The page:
Her written testimony is included below. Also check out her 5-minute remarks on the Mayor’s site.

FULL WRITTEN TESTIMONY

Mayor Jacqueline M. Biskupski
Testimony before the Committee on Energy and Commerce
Subcommittee on Environment and Climate Change
April 2, 2019

Committee Members:

Thank you for welcoming me here today, and for taking the time to hear from local elected officials on the topic of climate change.

My name is Jackie Biskupski. I’m proud to serve as Mayor for the 200,000 residents of Salt Lake City—a position I’ve had since 2016. I’m also Chair of the U.S. Conference of Mayors’ Alliance for a Sustainable Future—a committee dedicated to forging connections between the public and private sectors to collaboratively tackle our environmental challenges. I’m also co-chair of the Sierra Club’s Mayors for 100% Clean Energy coalition, and a member of Climate Mayors and Women 4 Climate.

Salt Lake City is a majestic and special place.  Over 25 years ago, I came to Utah for a ski trip and I never left! We are the crossroads of the west and are blessed to have world-class recreation, breathtaking natural splendors, a strong economy, a vibrant culture, and a collaborative spirit.

Today I am here to discuss what we are already experiencing in Salt Lake City, and how we are working tremendously hard to avoid the worst effects that are projected. But we need your help.

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Recent Free Fare Days Saved 5 Tons of Air Pollution

Remember when Salt Lake City partnered with Salt Lake County, Davis County, Intermountain Healthcare, and UTA to host Free Fare Days on Feb. 28 and March 1? The official UTA press release results are posted below! But first, follow Mayor Jackie Biskupski on her donut delivery quest the first day of free rides . . .

Wednesday, March 20, 2019

UTA MEDIA RELEASE

FREE FARE DAYS ON UTA SUCCESSFUL

Agency sees ridership increases throughout the system

The results from UTA’s Free Fare Days on February 28 and March 1 show a 16% increase in boardings for the entire system. Using the average weekday boardings in February 2019 as a baseline (151,933 boardings system wide) overall ridership on Thursday, February 28 jumped to 171,664 and on Friday, March 1 there was an even larger increase to 181,365 passengers.

Free Fare Days were sponsored by Salt Lake County, Intermountain Healthcare, the Salt Lake City Mayor’s Office and Davis County in partnership with UTA.

“UTA is excited about the ridership increases we saw during the Free Fare Days and would like to thank the sponsors who made it possible,” said UTA Board Chairman Carlton Christensen. “We are especially pleased with the ridership increase we saw on the bus system. UTA has been focusing on increasing bus service and we wanted people to try riding the bus on the Free Fare Days. We look forward to upcoming plans to increase frequency, expand service hours and add weekend service on the bus system.”

Compared to 75,479 average weekday boardings in February 2019 bus ridership increased 10%. On Thursday February 28, 82,489 passengers rode UTA buses and on Friday March 1 the number improved to 83,818. This increase in bus ridership stands out in comparison to the previous free fare event in December 2017 when bus ridership did not increase by a noticeable margin.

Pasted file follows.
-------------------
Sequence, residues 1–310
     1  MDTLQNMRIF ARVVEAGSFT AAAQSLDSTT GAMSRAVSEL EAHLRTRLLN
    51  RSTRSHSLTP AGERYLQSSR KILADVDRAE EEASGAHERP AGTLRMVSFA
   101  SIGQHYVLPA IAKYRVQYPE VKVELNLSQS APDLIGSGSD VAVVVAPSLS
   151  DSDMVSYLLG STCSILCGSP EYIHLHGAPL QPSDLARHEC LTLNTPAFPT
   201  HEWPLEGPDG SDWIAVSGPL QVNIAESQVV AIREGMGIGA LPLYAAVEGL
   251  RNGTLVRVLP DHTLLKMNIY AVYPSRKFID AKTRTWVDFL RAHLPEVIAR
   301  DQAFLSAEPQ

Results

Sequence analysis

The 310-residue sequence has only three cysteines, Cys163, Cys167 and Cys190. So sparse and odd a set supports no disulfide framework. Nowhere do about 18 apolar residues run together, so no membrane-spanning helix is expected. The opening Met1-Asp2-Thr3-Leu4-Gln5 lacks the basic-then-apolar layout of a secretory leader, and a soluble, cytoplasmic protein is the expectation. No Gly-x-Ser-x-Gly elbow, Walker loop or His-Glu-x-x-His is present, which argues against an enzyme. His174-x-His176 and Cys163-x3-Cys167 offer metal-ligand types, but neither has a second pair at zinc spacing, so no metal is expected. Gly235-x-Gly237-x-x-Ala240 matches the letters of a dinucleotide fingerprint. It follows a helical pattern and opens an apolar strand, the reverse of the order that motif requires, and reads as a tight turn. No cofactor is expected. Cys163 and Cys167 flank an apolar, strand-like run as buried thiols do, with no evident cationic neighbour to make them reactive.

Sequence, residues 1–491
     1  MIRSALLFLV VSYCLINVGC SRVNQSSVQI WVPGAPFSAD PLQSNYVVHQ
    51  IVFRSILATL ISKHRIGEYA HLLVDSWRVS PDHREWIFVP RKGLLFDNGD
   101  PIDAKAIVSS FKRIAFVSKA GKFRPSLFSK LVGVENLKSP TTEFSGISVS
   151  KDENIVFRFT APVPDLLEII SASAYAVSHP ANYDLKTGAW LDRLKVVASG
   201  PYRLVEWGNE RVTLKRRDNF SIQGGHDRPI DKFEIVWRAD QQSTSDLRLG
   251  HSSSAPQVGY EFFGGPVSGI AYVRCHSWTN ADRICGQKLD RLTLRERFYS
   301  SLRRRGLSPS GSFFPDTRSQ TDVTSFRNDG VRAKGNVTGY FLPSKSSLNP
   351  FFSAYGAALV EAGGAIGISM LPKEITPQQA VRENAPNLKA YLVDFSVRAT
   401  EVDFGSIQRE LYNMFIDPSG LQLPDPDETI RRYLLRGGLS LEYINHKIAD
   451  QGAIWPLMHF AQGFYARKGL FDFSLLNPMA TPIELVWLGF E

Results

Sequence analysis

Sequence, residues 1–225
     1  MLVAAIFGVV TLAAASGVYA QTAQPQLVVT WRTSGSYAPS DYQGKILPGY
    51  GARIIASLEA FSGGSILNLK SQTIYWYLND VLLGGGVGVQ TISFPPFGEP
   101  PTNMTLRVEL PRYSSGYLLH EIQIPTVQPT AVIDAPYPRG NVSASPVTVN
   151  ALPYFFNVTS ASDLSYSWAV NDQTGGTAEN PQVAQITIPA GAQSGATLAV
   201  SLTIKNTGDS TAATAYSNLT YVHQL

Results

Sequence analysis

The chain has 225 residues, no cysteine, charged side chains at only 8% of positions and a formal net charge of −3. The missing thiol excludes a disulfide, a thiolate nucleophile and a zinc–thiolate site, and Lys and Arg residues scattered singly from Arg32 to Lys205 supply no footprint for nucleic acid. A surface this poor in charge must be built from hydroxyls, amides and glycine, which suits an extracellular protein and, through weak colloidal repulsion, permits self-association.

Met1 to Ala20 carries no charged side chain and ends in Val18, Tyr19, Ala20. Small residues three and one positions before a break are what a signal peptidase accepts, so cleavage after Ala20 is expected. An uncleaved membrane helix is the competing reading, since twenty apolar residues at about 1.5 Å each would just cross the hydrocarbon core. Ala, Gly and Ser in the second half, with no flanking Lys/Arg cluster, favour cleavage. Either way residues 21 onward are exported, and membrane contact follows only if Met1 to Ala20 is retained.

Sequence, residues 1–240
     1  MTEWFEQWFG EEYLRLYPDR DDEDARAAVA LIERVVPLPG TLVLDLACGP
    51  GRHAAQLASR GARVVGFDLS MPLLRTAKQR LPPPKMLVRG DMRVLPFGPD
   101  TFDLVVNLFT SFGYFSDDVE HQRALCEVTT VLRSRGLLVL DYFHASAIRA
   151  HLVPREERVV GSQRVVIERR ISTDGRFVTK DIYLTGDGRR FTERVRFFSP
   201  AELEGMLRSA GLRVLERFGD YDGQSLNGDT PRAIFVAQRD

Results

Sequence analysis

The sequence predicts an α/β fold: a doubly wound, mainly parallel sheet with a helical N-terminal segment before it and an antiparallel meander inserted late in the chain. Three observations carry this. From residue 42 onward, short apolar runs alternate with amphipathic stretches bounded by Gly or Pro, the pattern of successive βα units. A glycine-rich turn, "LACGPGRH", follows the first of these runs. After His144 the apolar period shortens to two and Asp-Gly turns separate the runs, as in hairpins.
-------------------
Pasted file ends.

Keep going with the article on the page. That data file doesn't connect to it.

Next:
Salt Lake County Mayor Jenny Wilson said, “This is evidence people will change their patterns if cost is addressed. I’ll be working with UTA and partners to find ways to address going forward, especially during inversions.”

TRAX experienced a 14% increase during the two free fare days, with a daily average of 65,366 riders. A typical day in February saw TRAX carry 57,319 boardings. On Thursday February 28 TRAX ridership increased to 64,420 boardings and on Friday March 1 the number grew to 66,312 riders.

“Free Fare Days consistently show that when you remove burdens from transit, people take it,” said Salt Lake City Mayor Jackie Biskupski. “What leaders should take away from these results is that investing in transit pays off, both in terms of clearing our air and creating equity in our community.”

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Clear the Air by . . . Driving?

At least by driving smarter.

Hear us out: You’ve heard that a big chunk– roughly 50 percent — of Salt Lake City’s winter air pollution comes from motor vehicles.

That’s why SLCgreen promotes cleaner transportation and getting out of our cars as much as possible, particularly during February and the Clear the Air Challenge.

But, we know that taking public transit, biking, or purchasing an electric vehicle is not practical for everyone – yet! However, there are some important ways to reduce pollution even when you do drive.

We all want to take better care of our health and live in a healthy world and by planning ahead we can help our city have fewer red air days! Here’s how:

Avoid Cold Starts. Cold starts occur when we start our vehicles after they have been resting long enough for the engine to get cold.

Did you know? A majority of the air pollutants used across an entire journey are emitted in the first few minutes after you start your car.

A study from the Utah Department of Environmental Quality “found that 75 percent of combined pollutants and emissions are emitted from a car during the first three minutes after a cold start,” as described in a UCAIR’s blog post and video below.